Even after William G. Hundley, 77, sold his Alexandria trash-collecting business, his routine never varied. He still rose about 5 a.m. and drove his red pickup to the Little Tavern Shops on North Washington Street, where he would order a black coffee and perhaps a sweet roll, and chat with friends.

Then he would head to the Fairlington Shopping Center, where he would help sweep up, and to Lindsay Cadillac to do odd jobs, such as filling potholes. He would spend the rest of the day taking small loads of trash to a dump, and he always returned to his house on La Verne Avenue, south of National Airport, in time to settle into a chair and watch his favorite television program -- the evening news.

On Friday, Bill Hundley died after he fell into a trash compactor at the Alexandria Transfer Station at 5301 Eisenhower Ave. He had been standing in the back of his truck, tossing a chair into the six-foot-deep compactor, when his glove snagged. He lost his balance and fell in, suffering severe head injuries. He was pronounced dead at Alexandria Hospital at 3:18 p.m.

"I don't know if it was just intended for him to go that way," Hundley's wife, Willie, 76, said yesterday. "He came home in the middle of the day on Friday, and I thought he'd stay because it was so warm outside.

"But, I looked again, and he was gone with the truck. He wanted to clean the trash out of it before Easter. So, this must be what God had planned. I believe that. And, my husband wouldn't want me to think no other way."

Yesterday, Hundley's friends and family remembered the gentle, religious man who almost always wore bib overalls and who liked doing nice things for people -- such as trimming hedges for neighbor Patsy Battle.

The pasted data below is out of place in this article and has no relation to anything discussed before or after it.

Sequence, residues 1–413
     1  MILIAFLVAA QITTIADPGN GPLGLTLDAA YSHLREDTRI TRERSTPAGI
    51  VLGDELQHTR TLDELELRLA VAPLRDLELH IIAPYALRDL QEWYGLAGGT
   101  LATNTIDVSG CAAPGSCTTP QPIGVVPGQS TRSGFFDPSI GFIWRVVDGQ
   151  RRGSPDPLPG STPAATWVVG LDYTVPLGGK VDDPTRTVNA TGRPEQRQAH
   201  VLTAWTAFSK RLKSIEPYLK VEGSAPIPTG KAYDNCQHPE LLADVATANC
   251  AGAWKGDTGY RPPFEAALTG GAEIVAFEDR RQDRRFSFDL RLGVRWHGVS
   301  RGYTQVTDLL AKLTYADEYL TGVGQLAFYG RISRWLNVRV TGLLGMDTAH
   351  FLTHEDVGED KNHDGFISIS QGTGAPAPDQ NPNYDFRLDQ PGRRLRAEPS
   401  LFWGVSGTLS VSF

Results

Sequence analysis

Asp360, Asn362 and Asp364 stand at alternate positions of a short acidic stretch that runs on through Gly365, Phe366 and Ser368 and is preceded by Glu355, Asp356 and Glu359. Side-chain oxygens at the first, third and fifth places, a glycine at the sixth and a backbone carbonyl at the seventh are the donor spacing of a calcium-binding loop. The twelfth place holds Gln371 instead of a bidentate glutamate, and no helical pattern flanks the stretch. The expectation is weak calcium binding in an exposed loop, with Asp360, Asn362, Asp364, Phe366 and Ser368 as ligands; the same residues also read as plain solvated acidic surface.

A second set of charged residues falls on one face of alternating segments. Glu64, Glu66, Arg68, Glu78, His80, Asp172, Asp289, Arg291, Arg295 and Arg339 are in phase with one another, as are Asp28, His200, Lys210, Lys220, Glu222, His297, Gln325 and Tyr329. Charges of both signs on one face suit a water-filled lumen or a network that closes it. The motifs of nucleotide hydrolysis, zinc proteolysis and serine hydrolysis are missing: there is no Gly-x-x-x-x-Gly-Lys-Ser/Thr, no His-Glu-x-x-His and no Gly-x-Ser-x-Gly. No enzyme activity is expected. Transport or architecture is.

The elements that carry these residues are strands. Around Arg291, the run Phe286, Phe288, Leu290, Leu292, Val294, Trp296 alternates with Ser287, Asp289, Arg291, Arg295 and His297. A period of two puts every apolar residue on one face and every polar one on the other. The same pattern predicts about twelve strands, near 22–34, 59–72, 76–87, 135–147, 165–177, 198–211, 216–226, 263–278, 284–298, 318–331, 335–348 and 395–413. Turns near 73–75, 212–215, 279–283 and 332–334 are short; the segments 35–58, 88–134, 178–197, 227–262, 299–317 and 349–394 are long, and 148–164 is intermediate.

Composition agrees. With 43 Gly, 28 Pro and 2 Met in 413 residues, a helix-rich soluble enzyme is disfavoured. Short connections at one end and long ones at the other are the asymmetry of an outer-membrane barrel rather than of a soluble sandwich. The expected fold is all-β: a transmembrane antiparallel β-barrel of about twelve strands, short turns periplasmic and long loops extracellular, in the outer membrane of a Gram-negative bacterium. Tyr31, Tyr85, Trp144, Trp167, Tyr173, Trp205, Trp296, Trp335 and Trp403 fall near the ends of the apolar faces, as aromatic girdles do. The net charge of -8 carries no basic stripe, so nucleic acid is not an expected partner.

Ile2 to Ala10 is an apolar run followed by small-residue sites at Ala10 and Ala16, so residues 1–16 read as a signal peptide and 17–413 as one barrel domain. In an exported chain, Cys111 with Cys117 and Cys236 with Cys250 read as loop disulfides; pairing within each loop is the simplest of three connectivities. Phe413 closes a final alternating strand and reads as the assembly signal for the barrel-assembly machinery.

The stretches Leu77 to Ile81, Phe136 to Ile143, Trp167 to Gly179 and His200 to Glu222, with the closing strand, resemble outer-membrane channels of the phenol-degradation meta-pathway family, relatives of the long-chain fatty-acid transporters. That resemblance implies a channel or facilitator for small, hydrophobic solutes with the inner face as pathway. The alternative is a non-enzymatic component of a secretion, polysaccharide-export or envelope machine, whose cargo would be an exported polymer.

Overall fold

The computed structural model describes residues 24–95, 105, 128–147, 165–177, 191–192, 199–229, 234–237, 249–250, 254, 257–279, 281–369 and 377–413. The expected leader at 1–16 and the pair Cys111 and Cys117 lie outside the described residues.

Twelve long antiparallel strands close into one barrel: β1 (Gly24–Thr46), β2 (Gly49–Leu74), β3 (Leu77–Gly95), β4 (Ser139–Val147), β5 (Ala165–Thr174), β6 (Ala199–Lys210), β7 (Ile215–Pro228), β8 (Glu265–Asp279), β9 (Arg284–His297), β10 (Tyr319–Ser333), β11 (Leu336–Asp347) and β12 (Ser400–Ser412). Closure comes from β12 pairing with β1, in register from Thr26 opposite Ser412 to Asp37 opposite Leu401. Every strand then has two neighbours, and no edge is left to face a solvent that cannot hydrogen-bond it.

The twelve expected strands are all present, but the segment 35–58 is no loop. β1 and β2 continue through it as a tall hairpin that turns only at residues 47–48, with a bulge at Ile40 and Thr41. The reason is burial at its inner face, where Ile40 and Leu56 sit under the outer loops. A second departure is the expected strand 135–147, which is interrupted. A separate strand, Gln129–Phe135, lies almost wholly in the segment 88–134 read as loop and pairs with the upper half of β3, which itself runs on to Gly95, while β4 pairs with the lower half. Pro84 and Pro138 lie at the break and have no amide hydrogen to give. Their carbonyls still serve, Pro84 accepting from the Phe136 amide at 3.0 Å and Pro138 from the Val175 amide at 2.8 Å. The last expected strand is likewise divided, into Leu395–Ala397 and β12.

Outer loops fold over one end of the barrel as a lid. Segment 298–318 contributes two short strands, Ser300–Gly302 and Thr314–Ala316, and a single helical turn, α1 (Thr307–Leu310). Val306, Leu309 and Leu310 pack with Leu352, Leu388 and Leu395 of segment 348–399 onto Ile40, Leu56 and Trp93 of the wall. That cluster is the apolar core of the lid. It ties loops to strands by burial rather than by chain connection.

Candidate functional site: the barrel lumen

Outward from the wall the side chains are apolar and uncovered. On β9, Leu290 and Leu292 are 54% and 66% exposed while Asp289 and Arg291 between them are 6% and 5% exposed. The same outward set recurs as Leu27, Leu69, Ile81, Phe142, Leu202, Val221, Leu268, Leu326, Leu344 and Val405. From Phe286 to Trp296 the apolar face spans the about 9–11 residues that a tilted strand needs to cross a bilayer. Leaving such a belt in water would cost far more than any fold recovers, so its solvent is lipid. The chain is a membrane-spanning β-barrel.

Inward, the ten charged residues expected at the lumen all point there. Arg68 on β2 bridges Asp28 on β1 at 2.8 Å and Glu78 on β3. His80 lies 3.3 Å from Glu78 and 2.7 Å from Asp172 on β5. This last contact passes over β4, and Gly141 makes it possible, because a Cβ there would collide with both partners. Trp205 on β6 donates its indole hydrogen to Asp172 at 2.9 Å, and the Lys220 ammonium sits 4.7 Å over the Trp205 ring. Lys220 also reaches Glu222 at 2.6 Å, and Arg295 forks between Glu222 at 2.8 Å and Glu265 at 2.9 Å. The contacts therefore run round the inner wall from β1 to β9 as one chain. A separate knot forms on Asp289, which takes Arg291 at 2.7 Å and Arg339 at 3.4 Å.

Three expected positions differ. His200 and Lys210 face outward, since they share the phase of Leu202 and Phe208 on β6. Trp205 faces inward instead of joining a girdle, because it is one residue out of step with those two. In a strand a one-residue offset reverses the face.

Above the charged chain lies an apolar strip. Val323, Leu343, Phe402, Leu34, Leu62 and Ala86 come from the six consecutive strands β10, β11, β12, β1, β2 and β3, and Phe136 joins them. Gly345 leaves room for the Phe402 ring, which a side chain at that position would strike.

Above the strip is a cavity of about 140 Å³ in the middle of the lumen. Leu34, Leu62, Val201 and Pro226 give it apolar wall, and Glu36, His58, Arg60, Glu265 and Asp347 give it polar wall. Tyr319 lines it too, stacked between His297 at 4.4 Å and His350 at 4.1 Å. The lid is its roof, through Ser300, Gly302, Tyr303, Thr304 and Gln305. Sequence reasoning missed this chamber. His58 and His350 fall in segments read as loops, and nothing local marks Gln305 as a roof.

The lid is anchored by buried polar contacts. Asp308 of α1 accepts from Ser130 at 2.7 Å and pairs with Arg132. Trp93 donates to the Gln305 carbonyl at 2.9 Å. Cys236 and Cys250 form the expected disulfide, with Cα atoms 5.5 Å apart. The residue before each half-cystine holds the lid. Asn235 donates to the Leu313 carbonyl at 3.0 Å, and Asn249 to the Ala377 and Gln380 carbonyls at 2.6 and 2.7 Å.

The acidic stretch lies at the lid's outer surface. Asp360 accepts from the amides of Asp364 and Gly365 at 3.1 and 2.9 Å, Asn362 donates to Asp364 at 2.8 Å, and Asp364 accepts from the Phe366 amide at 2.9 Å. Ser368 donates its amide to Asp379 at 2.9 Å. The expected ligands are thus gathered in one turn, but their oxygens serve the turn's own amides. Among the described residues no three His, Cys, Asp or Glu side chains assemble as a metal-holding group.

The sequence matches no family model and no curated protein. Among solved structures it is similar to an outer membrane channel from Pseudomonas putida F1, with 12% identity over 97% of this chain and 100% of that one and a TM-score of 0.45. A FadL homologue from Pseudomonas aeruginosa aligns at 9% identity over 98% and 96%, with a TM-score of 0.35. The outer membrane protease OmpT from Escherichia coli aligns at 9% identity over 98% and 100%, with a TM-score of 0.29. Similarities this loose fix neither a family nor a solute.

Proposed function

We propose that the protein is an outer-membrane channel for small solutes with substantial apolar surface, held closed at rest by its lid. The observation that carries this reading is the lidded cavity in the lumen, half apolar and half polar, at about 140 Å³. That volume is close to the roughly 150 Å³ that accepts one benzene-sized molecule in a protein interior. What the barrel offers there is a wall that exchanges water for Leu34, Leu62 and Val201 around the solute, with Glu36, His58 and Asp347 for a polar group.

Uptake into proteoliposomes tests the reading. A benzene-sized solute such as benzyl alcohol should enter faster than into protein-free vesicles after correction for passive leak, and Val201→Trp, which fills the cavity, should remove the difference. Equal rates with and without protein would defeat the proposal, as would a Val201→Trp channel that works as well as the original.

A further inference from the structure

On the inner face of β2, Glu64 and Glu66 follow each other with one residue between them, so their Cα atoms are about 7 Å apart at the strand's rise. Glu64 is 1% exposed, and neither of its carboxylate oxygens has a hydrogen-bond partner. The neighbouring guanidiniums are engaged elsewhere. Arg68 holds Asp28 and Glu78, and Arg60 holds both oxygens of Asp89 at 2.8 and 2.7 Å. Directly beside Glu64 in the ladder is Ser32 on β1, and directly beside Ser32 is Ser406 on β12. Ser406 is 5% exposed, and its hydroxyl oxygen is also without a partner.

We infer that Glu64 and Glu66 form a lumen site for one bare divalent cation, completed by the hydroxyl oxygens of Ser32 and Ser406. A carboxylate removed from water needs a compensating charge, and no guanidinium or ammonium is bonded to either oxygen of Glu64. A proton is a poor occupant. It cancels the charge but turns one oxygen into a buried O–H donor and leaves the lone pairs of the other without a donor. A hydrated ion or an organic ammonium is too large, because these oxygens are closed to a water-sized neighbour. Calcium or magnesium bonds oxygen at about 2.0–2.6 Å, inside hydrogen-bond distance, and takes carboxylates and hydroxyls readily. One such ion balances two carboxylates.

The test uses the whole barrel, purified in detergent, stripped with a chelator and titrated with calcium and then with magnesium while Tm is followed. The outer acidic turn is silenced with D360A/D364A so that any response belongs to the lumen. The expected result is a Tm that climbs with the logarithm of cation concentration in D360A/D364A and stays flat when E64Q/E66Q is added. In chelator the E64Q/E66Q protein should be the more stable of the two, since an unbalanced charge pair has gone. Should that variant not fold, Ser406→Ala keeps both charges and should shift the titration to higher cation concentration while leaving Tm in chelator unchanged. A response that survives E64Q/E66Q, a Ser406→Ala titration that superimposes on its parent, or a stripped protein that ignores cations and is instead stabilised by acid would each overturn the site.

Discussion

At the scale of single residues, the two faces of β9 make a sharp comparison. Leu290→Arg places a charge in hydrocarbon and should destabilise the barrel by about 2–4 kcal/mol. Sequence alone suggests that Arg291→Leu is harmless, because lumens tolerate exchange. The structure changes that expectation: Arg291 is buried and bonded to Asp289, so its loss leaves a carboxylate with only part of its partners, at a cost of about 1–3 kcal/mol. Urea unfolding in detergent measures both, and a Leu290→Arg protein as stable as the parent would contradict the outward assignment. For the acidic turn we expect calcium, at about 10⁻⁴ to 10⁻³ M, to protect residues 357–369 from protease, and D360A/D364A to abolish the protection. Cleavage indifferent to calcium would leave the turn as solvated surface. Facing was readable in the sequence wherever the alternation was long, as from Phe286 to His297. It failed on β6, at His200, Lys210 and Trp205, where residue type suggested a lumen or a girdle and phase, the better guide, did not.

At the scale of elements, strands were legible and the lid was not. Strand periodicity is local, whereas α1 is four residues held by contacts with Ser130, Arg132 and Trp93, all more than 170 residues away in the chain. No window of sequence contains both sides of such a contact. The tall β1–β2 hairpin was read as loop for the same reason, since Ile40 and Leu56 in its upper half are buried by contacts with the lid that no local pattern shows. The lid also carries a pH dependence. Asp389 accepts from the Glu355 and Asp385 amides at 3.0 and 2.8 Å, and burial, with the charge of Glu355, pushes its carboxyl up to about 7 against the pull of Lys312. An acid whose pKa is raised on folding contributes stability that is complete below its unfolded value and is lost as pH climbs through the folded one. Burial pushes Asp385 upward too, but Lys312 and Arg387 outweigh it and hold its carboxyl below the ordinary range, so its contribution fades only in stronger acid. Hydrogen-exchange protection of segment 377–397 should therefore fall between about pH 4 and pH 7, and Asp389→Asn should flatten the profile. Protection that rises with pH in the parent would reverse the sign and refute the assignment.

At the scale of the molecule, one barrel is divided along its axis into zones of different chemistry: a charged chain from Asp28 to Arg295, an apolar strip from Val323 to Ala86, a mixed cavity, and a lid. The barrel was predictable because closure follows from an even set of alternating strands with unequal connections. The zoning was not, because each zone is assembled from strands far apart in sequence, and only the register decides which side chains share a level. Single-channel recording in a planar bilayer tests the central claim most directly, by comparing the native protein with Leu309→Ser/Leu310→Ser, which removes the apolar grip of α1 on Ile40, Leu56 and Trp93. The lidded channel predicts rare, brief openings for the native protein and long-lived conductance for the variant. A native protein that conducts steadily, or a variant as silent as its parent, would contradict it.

"The kids in the neighborhood loved him," said Battle, who had been friends with Hundley for 18 years. "They knew him as 'Mr. Hundley -- the one driving the red truck.' Everybody's going to miss him. He was a wonderful man, that's all."

"He was just a good guy," said Daniel Murphy of Daniel's Trash & Hauling Service in Alexandria. Murphy had known Hundley for 25 years and often ran into him on coffee breaks at the 7-Eleven. "We were in the same business. I never lost a stop to him. Some guys, they try and undercut you. He never did."

Yesterday, at the Beulah Baptist Church at 320 S. Washington St., where Hundley had been a deacon for many years, the congregation held special moments of silence at Easter services.

"He was a very good and confidential friend of mine for 35 years," said Arthur Nelson, a church trustee. "He and his wife personally gave money for our building fund, and through him, Lindsay Cadillac also made generous contributions."

"We were closer to him than to a lot of employes," said Terry Lindsay, owner of Lindsay Cadillac at 1525 Kenwood Ave., who has known Hundley for 32 years. "He was just like a member of the family. His value system and his integrity -- one of the best that you'll ever find."

Although Hundley mostly was seen driving around Alexandria in the red truck, he also was a regular Lindsay customer.

"He had a couple of Cadillacs," said Lindsay. "He took a lot of pride in them . The Cadillac was just for Sunday afternoon. The last one he had was black. It shone like a new dime all the time."

Friends also remembered how Hundley once won an award for tipping the Alexandria police to a bank robbery. As they rerecall, Hundley had been sweeping a shopping center parking lot about 8 o'clock one morning when he saw two men force a bank employe into a First American branch office. He ran to a phone and called police.

Hundley grew up in southeastern Virginia, in Southampton County, and he lived for a while in Norfolk before settling in Alexandria some years ago. He helped raise his sister's four children, as well as his three stepchildren -- Raphael Askew Jr., 48, Margaret, 50, and Ann, 37.

"It was just God's will," said Willie Hundley, "and we don't question His will. I thank Him for helping me to be this strong. I've got friends. I've got the kind of friends that is doing anything they can for me. Anything they figure I want done, they're here to help. My son is here, too, and the other children are coming tomorrow."